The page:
We just learnt that the FDA has pushed back its decision day on Sanofi SA (ADR) (NYSE:SNY)’s insulin combo candidate IGlarLixi. Markets haven’t moved too much on the news (at least, not yet), but there is a general air of surprise surrounding the delay.
Sanofi was pushing to get the product approved ahead of Novo Nordisk A/S (ADR) (NYSE:NVO) competing product, IDegLira, and spent a $245 million priority review voucher ahead of submission to that aim. Now it looks as though there’s going to be practically no difference between the two products’ review dates.
This isn’t the biggest worry for Sanofi, however. The issues that have led to the delay may, in turn, lead to the FDA declining the drug come PDUFA. Here’s why.
The extension is rooted in the device used to administer the combination of insulin glargin and the GLP-1 receptor agonist Lixisenatide. It’s a pen type injectable, with a dial based dosing system. There are two pens available, each of which offer a different min-max dose range.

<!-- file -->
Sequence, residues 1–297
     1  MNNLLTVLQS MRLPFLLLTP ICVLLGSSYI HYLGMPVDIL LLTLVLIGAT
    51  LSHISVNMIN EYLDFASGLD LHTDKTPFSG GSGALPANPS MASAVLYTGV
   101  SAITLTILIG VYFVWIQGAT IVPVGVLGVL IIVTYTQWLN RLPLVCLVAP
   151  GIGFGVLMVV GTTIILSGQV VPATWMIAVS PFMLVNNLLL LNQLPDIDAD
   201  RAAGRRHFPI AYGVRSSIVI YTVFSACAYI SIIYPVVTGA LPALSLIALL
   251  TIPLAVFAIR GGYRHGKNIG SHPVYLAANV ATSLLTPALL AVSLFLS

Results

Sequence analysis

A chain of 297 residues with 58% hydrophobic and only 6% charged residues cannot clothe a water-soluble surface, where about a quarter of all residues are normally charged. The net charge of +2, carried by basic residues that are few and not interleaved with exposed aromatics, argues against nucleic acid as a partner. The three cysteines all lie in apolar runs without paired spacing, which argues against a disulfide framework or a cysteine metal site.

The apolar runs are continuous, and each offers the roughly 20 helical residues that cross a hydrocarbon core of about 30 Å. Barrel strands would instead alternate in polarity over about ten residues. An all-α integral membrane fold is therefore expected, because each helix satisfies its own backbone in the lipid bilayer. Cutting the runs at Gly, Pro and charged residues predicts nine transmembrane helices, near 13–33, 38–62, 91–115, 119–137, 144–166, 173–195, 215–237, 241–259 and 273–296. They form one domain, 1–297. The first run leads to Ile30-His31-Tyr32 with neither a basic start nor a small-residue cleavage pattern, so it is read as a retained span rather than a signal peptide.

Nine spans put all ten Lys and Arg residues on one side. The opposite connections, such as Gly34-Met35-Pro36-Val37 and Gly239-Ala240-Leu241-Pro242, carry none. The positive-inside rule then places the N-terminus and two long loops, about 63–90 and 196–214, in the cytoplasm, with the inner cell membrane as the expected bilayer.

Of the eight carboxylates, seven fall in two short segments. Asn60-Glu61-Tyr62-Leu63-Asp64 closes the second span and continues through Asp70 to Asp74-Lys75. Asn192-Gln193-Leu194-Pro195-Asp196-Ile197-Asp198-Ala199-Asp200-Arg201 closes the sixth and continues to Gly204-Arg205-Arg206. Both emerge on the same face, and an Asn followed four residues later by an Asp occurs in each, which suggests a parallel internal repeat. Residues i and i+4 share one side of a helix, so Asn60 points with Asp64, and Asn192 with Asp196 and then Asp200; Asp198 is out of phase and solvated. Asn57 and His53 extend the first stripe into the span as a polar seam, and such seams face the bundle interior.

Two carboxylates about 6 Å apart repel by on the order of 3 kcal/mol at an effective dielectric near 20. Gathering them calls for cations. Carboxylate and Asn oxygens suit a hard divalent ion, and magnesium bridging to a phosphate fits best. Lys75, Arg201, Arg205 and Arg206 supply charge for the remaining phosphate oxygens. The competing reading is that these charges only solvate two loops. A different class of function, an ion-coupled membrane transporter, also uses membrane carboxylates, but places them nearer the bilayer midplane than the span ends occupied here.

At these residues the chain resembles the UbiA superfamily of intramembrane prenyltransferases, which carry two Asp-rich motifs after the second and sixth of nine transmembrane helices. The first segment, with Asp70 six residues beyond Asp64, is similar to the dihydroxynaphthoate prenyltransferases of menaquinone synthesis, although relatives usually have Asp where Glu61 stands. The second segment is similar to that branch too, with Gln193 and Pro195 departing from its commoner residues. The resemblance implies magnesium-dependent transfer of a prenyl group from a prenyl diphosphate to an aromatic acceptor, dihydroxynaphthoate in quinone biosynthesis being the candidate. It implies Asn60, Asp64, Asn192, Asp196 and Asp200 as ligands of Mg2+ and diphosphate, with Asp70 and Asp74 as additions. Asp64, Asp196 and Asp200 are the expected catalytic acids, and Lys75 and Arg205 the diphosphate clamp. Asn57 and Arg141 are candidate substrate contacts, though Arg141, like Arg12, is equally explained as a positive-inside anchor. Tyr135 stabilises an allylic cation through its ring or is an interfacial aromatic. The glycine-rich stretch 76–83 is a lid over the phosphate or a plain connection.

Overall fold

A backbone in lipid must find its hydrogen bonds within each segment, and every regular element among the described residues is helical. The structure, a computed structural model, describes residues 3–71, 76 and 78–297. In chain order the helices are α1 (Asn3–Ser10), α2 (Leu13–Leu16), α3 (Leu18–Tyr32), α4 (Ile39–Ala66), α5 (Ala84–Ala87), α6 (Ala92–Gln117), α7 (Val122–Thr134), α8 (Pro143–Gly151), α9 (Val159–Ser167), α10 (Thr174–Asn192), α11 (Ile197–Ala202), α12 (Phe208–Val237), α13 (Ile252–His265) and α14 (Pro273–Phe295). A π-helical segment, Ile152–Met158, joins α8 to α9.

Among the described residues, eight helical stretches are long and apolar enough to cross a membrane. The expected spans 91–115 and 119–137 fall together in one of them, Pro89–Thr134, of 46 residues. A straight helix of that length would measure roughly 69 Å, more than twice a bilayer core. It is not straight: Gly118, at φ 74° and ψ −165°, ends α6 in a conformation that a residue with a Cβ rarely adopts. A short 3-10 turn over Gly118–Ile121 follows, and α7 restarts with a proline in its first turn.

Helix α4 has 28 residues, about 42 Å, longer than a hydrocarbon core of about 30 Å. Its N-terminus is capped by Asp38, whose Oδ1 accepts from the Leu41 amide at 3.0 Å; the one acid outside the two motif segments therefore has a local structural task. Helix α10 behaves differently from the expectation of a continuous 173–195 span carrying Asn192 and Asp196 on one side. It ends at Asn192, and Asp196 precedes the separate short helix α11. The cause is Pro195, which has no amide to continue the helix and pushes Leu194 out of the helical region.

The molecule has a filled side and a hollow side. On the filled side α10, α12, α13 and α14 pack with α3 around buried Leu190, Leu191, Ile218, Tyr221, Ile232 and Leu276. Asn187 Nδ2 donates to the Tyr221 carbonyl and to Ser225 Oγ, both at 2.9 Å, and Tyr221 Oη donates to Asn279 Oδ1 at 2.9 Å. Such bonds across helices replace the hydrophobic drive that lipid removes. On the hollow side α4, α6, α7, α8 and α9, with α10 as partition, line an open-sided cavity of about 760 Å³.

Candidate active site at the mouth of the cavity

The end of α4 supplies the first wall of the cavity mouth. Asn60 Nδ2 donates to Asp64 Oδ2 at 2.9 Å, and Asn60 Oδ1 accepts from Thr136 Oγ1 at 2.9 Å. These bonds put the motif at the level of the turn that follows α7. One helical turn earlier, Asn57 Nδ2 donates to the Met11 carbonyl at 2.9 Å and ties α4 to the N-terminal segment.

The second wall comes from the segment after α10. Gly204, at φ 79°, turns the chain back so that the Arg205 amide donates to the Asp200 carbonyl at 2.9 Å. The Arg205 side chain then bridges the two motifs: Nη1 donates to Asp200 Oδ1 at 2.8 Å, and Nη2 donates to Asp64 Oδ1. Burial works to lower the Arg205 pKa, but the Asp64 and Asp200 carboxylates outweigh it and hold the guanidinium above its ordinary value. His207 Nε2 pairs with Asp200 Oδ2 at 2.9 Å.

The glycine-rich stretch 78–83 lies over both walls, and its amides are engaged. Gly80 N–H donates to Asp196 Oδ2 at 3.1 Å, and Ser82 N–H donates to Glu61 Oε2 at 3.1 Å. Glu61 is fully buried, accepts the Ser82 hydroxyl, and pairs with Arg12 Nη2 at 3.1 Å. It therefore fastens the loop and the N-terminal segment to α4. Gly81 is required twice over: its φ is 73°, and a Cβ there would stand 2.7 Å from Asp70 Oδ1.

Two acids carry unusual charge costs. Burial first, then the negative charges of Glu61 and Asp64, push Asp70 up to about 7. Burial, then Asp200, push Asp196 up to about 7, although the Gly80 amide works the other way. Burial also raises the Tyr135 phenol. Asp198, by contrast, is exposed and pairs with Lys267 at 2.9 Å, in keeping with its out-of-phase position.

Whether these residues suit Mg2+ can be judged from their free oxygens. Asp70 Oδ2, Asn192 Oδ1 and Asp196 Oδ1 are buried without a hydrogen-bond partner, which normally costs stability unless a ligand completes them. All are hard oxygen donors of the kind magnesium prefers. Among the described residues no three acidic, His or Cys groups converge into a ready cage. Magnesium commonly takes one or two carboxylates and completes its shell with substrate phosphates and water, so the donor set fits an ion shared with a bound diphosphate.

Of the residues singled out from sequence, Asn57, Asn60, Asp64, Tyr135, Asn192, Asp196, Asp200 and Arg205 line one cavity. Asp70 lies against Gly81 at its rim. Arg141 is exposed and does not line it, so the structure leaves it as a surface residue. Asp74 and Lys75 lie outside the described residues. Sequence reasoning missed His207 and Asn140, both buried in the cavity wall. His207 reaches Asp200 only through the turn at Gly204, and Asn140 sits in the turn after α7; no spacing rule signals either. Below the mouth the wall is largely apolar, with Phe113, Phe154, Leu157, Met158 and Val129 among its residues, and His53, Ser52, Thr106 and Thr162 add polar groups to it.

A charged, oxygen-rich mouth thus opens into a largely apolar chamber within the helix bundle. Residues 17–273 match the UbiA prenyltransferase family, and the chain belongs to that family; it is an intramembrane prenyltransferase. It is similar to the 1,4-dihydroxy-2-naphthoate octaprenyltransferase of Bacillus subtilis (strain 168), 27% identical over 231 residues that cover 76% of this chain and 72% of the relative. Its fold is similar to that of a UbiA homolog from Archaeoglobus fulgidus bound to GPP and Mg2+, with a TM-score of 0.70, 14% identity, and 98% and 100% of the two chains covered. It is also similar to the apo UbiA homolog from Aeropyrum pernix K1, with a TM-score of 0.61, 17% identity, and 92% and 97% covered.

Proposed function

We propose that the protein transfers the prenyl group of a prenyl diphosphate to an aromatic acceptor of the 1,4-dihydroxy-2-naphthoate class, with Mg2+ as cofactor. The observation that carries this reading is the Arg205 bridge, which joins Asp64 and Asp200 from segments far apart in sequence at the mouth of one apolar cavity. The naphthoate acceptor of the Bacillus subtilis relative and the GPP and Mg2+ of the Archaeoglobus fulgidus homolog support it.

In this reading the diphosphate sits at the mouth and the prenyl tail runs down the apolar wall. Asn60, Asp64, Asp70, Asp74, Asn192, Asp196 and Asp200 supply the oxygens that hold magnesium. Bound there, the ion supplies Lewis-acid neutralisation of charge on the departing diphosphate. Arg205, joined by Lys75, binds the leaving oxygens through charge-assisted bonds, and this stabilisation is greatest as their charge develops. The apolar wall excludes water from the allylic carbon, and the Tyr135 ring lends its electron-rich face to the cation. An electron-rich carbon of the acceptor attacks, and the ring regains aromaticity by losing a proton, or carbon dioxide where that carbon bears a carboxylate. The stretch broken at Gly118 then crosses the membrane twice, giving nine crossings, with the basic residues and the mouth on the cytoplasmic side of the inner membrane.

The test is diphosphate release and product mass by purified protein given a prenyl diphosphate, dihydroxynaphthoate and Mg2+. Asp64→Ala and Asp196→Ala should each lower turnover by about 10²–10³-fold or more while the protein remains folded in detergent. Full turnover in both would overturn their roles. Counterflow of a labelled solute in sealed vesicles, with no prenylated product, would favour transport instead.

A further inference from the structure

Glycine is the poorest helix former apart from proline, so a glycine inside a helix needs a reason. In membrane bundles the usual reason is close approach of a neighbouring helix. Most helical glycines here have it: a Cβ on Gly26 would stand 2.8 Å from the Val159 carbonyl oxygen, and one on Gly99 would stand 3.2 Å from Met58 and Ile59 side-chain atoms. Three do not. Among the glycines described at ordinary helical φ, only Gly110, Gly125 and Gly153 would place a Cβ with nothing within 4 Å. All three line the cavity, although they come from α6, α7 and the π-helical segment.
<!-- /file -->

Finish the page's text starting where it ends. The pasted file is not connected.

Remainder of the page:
Here’s what they look like:
They are designed to deliver a dose based on a patient’s selecting of an insulin dose (as measured in units). The patient uses the scroll mechanism to select their insulin unit number and the pen automatically selects the corresponding dose of Lixisenatide. The yellow pen is a lower dose range (10U-40U) and is targeted at insulin naïve patients, and the green pen is higher dose range (30U to 60U) and targeting those who require higher daily dosing. That all seems relatively simple, right? Well, yes, until we look at the proposed labeling on the scroll system:
The company has gone for a seemingly strange black/white indication system, designed to show recommended dosing. Doses within the recommended dose range are black writing on white background. Doses below the recommended dose are white writing on black background. The point of this convoluted approach is to discourage dosing errors, but to us, it looks like there is considerable room for human error. The advisory panel agrees:
“It should also be noted that the numbers that are darkened on the pen dial are meant to represent doses that are not established as safe and effective and that should not be used. It is unclear whether this device design element will have the effect it is intended to have (i.e., preventing dosing errors) in the care setting.”